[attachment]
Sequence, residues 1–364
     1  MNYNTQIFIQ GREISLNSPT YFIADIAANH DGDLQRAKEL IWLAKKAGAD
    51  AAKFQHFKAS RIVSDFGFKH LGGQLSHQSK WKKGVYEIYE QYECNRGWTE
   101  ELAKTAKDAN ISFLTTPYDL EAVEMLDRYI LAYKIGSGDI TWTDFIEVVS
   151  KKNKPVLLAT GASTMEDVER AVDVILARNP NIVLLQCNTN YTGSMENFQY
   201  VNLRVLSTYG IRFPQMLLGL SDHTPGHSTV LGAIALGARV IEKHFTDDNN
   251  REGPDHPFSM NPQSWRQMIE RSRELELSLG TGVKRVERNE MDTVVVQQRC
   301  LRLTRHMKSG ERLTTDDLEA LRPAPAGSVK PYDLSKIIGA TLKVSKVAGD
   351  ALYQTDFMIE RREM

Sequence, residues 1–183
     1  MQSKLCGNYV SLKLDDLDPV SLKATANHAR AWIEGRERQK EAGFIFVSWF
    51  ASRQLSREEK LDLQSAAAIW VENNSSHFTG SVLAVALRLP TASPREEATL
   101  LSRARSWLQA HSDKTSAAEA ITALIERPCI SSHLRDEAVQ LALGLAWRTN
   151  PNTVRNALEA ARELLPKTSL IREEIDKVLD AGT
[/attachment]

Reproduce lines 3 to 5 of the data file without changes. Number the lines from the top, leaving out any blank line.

    51  AAKFQHFKAS RIVSDFGFKH LGGQLSHQSK WKKGVYEIYE QYECNRGWTE
   101  ELAKTAKDAN ISFLTTPYDL EAVEMLDRYI LAYKIGSGDI TWTDFIEVVS
   151  KKNKPVLLAT GASTMEDVER AVDVILARNP NIVLLQCNTN YTGSMENFQY